So what will they have to show for their efforts?
* Some voters may see their switch as evidence that they listen to their constituents. Vasquez said the calls to his office Friday were complimentary, a switch from the days earlier in the week, when he and the other board members came under heavy fire.
* Some constituents will applaud their austerity and congratulate them for setting an example, albeit a somewhat halting one.
"It's a start," said Ray Harbour, spokesman for the Taxpayers' Action Network. "That's something."
* Potential Stanton and Vasquez opponents may lose a volatile campaign issue. The board meeting Tuesday was less than one hour old when one possible Stanton foe had already threatened to make an issue out of the salary hike.
But those pluses will almost certainly be weighed against some serious negatives, observers said.
"I think, yes, they've hurt themselves," said Dana Reed, a Costa Mesa lawyer who has run for office and who manages political campaigns. "I don't think people are going to remember this particular issue when they go to the polls in June, but it just adds to the overall belief out in the electorate that these officials are inept."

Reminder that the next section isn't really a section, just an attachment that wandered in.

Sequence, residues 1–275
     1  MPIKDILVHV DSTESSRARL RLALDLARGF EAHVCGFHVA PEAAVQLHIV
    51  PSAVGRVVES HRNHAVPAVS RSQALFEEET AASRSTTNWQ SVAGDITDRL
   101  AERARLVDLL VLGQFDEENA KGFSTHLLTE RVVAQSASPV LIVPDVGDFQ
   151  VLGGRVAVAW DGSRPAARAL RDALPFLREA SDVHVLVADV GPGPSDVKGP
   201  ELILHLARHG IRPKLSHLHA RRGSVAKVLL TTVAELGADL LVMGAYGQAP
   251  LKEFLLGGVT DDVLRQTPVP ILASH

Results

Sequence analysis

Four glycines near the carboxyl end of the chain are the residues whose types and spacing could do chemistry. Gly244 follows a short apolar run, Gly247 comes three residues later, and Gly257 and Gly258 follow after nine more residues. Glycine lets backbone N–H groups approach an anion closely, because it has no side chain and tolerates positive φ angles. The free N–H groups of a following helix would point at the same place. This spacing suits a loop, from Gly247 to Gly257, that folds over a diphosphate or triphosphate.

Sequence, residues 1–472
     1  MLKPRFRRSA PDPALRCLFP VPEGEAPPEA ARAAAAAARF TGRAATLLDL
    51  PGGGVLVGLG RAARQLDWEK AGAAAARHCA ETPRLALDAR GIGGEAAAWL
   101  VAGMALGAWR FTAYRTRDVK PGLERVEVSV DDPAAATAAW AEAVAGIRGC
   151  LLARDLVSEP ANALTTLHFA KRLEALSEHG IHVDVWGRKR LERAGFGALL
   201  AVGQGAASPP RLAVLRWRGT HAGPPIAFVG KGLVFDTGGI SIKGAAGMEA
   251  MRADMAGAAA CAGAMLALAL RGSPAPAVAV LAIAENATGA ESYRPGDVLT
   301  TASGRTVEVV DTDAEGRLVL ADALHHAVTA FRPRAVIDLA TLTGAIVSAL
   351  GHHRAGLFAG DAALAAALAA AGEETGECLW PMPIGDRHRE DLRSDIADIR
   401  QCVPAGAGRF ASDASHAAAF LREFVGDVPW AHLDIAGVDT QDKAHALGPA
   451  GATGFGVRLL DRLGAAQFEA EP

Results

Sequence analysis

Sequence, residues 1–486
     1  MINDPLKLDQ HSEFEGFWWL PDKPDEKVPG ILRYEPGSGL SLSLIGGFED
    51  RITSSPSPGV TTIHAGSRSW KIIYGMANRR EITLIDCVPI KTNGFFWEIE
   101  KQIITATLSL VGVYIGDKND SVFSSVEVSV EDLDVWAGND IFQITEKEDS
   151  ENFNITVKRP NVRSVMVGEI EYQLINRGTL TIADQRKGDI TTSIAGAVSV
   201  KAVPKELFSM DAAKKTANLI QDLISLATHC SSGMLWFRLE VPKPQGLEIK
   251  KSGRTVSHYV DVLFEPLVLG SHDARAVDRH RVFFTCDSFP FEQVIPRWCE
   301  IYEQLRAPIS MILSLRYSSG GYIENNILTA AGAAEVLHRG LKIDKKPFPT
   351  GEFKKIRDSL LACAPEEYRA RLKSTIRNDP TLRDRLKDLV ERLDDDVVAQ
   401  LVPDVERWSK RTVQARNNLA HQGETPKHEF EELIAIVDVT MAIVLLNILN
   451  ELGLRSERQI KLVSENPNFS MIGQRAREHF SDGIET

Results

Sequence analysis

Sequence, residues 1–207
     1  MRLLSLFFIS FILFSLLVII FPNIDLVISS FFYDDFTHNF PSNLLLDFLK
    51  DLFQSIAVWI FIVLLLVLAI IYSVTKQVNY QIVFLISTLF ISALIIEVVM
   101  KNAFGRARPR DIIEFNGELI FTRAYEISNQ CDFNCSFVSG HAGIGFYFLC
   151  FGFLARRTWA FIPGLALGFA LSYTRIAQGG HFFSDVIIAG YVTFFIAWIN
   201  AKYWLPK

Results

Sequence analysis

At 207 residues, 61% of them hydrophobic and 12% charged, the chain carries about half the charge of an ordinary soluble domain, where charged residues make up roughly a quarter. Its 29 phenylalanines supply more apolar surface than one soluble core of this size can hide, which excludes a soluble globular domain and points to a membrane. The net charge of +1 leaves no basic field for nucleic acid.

And yet, even amid much marveling last week at the way in which the supervisors fumbled their way through the proposed pay hike, there were voices raised in sympathy. In fact, virtually everyone interviewed for this article agreed that pay raise proposals are almost impossible for any elected official to field cleanly.
Whether it's in Congress or Sacramento or the local city council, salary hikes by public officials draw fire, and there's not much that any official can do to prevent that, observers agreed.
"It's never an easy thing to do," said Irv Pickler, a nine-year veteran of the Anaheim City Council. "The supervisors work hard, they put in a full day, and they earn what they make, but that doesn't make it easy to justify a pay increase."
And while those increases are difficult to answer for even in the best of times, Pickler added, these are not the best of times. The county government just closed a $67.7-million budget shortfall by eliminating 260 positions; those resulted in fewer than 20 actual layoffs, but many services, some of them quite popular, had to be trimmed or eliminated.
The economy, here and across the country, remains sluggish, and many county analysts predict that next year's budget will be even worse.
"There's a time and a place for everything," Pickler said. "This just wasn't the time and the place for this."